Kissing Trees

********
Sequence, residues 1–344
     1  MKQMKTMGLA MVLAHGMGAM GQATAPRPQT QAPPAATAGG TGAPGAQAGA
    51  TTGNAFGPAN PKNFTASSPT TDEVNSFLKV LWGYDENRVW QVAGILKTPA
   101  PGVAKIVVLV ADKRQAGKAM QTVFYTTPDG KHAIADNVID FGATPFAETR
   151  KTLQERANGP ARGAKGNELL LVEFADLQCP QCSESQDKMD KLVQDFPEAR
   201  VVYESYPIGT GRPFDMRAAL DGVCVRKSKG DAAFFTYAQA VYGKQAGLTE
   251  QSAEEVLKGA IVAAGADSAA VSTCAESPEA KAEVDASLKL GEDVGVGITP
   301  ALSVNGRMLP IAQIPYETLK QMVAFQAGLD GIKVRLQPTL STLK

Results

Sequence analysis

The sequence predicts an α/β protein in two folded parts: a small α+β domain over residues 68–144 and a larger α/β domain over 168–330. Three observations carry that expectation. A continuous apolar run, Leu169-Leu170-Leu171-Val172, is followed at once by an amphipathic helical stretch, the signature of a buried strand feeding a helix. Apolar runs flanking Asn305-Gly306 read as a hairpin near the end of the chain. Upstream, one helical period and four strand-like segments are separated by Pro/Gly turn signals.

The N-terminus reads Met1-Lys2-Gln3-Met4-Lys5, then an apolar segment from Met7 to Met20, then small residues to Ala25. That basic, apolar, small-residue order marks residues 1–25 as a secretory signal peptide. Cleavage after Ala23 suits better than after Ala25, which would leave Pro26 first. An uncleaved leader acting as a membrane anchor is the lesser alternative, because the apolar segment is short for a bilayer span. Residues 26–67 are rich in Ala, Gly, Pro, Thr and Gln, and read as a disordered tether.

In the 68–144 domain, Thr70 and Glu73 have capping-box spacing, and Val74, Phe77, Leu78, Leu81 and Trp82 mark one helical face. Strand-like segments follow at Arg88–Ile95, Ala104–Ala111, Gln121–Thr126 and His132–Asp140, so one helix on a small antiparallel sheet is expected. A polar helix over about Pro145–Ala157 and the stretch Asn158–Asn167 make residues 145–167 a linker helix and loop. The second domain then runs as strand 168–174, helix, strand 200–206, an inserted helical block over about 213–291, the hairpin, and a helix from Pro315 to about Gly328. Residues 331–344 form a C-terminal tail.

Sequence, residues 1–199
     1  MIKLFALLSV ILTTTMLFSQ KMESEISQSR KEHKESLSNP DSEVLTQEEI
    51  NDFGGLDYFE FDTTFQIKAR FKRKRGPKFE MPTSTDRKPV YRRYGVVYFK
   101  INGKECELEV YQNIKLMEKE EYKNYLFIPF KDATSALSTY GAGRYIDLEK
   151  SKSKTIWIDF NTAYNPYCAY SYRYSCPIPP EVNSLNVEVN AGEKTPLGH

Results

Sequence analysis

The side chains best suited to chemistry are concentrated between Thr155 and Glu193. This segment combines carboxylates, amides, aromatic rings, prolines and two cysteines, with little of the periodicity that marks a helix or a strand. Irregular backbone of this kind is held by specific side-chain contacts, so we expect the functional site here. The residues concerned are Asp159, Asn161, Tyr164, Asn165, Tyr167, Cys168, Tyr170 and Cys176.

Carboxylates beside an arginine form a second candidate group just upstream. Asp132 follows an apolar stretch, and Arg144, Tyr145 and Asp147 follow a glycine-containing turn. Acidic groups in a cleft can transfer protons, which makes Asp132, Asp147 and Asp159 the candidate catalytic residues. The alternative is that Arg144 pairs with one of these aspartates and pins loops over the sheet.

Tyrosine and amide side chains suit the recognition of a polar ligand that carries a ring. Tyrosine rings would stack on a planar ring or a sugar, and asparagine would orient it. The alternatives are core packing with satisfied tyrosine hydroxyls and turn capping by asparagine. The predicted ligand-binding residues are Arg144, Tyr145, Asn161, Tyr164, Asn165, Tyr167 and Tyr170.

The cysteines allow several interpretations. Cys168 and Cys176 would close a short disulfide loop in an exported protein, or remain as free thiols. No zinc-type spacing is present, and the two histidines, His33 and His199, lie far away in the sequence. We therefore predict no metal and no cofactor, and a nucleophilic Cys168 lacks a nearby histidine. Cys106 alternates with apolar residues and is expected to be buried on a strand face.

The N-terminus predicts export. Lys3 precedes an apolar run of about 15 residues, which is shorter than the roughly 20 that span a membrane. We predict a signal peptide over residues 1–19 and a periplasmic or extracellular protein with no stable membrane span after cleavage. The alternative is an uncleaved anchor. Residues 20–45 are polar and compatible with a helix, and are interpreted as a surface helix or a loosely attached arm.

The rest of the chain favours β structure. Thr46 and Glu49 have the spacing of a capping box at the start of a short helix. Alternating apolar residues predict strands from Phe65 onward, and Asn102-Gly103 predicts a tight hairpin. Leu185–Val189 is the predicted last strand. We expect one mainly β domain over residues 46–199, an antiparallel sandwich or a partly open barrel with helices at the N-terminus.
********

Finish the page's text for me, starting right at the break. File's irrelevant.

Occasionally, I find trees or their branches ‘kissing’. Growing so close, they touch, and then merge. This example I saw on Howgill Lane whilst walking to chapel. The process is officially called inosculation and describes the natural phenomenon whereby branches and even roots conjoin. A better example I found in Grange, below. Grafting is a man-made version of this process; it is the concept employed by the apostle in Romans 11 to describe the merging of the wild gentiles into cultivated Israel. The example in the photo above is actually of the same tree. It is therefore I think a better picture of Christian fellowship than of the gentile entry into Israel. Also in Romans (16:16), Paul urges the saints to ‘greet each other with a holy kiss’. We of British culture are somewhat hesitant to go around kissing people to whom we are not related, though it is certainly a practice better known among continentals. When the saints of Rome kissed each other in greeting, they were, like the Howgill tree, kissing their own bark. God’s people are a family. We are related, not by the kiss, but by the root. Any two in Christ may say: “we be brethren”.